<span class="articleLocation”>(Reuters Health) – A next step in wearable health sensors might be a device that causes a patch of skin to sweat, then analyzes the perspiration to monitor or even diagnose disease.
Researchers used a prototype to extract sweat from volunteers with the lung disease cystic fibrosis, measure specific compounds that are signatures of the disease, then transmit the data wirelessly for further analysis.
They did a similar experiment to see if sugar levels in sweat rose in tandem with blood sugar.
“With the technology that we’ve made use of we could really move faster into personalized care by using devices that can allow for real-time monitoring,” study coauthor Dr. Carlos Milla of Stanford University in California told Reuters Health. “There’s a large number of things that you can measure in sweat that can be very valuable.”
While sweat testing offers a “noninvasive and rich source of information,” Milla and his team write in the Proceedings of the National Academy of Sciences, the difficulty of collecting adequate amounts of sweat in sedentary individuals has limited its usefulness in cystic fibrosis (CF) diagnosis.
Presently, CF testing must be done in certified labs, in a two-step process that takes hours and typically requires two technicians. The prototype consists of an interface that stimulates sweating then draws the sweat, integrated with an analysis platform. It can do the job in a single step, without causing discomfort to the patient, the researchers write. Readings can be transmitted via smartphone for review by a specialized center, which transmits results back to the phone.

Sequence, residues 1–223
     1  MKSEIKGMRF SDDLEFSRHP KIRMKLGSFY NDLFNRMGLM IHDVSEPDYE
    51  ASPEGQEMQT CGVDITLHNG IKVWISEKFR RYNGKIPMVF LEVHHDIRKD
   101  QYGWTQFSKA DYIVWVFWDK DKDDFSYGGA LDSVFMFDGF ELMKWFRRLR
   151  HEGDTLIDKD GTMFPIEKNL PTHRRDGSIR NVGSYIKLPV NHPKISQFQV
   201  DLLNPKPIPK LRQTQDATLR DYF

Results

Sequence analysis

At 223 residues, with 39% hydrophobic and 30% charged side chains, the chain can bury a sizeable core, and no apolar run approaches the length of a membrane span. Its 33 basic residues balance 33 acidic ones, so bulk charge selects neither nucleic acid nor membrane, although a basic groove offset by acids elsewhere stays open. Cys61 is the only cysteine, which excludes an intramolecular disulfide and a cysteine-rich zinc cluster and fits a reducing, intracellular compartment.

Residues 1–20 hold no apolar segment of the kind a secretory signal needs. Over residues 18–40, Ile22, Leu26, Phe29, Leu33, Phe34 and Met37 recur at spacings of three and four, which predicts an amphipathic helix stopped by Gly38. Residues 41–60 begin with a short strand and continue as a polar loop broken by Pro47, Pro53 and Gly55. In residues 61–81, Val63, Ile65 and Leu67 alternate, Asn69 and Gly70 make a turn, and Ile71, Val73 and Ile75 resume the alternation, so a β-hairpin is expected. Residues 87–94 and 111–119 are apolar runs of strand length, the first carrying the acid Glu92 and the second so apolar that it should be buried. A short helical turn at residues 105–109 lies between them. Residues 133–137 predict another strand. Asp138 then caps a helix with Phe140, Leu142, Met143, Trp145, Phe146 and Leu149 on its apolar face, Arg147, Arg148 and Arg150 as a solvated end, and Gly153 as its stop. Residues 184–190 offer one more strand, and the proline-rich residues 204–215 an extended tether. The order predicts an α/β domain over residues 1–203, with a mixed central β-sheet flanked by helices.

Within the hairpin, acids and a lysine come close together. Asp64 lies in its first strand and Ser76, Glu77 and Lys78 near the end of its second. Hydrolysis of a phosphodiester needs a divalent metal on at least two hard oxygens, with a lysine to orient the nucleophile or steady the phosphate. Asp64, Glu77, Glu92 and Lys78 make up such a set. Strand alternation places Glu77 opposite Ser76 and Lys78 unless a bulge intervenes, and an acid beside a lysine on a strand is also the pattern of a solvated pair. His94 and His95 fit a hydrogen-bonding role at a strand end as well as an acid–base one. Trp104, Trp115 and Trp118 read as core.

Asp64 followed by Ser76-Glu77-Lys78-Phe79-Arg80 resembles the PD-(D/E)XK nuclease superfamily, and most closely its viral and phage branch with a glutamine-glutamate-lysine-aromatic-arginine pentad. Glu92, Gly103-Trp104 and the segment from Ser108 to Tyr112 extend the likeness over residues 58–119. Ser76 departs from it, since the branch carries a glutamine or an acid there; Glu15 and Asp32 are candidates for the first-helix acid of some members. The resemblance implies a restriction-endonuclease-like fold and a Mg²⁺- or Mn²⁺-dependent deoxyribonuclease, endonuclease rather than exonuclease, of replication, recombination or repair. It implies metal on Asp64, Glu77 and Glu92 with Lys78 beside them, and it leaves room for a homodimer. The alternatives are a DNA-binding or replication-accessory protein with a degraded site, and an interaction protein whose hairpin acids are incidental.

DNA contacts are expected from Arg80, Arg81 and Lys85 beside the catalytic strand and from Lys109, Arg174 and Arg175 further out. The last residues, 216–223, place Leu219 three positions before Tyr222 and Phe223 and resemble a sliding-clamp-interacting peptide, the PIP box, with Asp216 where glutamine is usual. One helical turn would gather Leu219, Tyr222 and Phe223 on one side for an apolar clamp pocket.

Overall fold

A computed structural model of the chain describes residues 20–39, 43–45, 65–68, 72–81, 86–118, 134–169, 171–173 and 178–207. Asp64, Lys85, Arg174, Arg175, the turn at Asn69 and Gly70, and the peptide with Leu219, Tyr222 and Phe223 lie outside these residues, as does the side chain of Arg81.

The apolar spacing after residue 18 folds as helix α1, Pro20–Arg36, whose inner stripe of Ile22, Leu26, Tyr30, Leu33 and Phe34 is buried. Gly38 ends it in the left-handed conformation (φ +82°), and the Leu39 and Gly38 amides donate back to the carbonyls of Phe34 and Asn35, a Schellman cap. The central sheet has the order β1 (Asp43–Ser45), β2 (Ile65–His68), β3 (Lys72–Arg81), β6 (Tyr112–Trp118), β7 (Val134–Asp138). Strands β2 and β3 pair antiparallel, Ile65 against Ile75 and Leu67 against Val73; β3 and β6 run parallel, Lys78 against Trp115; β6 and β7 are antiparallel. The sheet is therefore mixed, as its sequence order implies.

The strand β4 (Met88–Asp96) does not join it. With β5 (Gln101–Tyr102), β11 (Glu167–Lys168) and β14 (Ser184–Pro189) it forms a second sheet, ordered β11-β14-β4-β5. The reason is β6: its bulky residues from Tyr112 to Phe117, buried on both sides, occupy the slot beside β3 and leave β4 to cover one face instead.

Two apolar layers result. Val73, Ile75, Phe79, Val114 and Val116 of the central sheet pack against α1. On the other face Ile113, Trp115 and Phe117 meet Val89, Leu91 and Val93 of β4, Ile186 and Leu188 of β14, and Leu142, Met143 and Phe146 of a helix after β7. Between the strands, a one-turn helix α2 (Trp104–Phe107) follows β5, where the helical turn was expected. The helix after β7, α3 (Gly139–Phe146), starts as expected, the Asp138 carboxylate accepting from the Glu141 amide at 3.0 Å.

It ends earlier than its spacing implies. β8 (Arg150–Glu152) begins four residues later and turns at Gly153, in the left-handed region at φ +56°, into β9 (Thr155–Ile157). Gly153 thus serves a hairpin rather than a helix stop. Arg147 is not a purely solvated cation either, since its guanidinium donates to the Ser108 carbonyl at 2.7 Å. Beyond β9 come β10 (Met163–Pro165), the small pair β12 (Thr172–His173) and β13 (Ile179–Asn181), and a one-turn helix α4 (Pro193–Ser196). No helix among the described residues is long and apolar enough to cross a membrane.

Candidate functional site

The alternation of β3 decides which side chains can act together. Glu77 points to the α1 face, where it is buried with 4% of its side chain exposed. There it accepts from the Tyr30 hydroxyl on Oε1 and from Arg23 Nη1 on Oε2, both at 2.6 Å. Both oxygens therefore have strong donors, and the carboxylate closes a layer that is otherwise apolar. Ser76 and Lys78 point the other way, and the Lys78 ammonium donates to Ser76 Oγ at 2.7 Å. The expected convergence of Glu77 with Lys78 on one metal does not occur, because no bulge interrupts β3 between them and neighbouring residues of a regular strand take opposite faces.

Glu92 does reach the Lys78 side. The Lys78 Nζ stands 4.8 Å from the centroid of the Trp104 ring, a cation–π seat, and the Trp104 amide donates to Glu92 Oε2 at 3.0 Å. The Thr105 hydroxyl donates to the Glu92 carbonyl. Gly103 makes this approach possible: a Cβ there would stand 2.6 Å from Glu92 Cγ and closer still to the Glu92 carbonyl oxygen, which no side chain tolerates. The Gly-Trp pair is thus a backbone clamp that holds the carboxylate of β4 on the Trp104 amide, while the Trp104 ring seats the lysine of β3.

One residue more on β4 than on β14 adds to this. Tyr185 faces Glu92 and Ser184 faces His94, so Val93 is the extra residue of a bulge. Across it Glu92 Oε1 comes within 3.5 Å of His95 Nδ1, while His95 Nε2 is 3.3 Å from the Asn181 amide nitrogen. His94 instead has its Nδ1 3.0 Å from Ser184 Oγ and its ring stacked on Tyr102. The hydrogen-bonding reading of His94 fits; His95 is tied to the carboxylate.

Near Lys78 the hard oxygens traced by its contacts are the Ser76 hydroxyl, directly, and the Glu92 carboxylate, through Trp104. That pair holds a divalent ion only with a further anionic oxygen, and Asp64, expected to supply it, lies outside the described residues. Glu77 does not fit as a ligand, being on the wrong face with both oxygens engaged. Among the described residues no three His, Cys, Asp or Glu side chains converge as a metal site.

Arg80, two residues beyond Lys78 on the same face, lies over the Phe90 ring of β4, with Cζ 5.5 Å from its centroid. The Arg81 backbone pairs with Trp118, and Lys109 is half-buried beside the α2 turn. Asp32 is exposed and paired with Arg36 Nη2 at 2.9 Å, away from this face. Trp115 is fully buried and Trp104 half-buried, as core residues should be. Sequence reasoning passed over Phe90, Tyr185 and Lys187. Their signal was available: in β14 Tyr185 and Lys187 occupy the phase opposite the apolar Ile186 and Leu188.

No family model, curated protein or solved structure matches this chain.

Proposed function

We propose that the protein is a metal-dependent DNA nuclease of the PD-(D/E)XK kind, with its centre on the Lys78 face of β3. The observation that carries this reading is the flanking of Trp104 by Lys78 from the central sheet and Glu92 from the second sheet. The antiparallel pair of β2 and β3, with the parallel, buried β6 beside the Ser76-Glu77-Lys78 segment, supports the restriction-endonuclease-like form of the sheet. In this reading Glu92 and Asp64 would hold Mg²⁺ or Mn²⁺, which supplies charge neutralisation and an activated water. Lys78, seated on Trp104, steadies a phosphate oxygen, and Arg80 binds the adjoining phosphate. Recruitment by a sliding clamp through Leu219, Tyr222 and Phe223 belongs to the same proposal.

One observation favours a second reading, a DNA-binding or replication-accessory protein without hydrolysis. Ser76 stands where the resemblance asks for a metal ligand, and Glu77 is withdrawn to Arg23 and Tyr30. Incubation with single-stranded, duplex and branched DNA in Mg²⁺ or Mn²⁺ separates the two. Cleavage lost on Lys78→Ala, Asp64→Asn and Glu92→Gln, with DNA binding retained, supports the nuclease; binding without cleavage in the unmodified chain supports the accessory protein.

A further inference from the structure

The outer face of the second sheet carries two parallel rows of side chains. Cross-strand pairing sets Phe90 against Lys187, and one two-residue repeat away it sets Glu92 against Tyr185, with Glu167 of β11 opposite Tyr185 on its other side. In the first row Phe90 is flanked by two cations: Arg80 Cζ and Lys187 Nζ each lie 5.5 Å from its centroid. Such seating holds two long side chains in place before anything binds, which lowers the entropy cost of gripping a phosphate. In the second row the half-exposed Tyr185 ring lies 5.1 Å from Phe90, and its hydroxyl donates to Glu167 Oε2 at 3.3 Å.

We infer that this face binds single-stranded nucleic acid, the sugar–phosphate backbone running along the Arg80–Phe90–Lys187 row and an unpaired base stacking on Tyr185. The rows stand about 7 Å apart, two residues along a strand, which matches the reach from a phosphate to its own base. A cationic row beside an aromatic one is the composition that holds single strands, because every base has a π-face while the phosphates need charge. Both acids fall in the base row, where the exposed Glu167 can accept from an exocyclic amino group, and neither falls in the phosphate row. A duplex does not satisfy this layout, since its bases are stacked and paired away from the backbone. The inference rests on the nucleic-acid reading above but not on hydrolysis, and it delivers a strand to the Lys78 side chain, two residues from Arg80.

In their experiment, the researchers tested the device in six healthy individuals and three CF patients to measure levels of sodium and chloride in sweat. The healthy volunteers had normal sodium and chloride levels while levels in the individuals with CF were about four times higher.
The investigators also tested sweat glucose levels in seven healthy individuals who consumed 30 grams of oral glucose after fasting. In six of the study subjects, sweat glucose levels rose along with glucose levels in the blood.
Using the device to test sodium and chloride in sweat currently takes about half an hour, Milla noted, and the researchers are working to speed up the process. They are also planning large studies to investigate how sweat-sensor readings correlate with health.
“Our solution opens the possibility for a broad range of noninvasive diagnostic and general population health monitoring applications,” the researchers conclude.
SOURCE: bit.ly/2oPuHf0 Proceedings of the National Academy of Sciences, online April 17, 2017.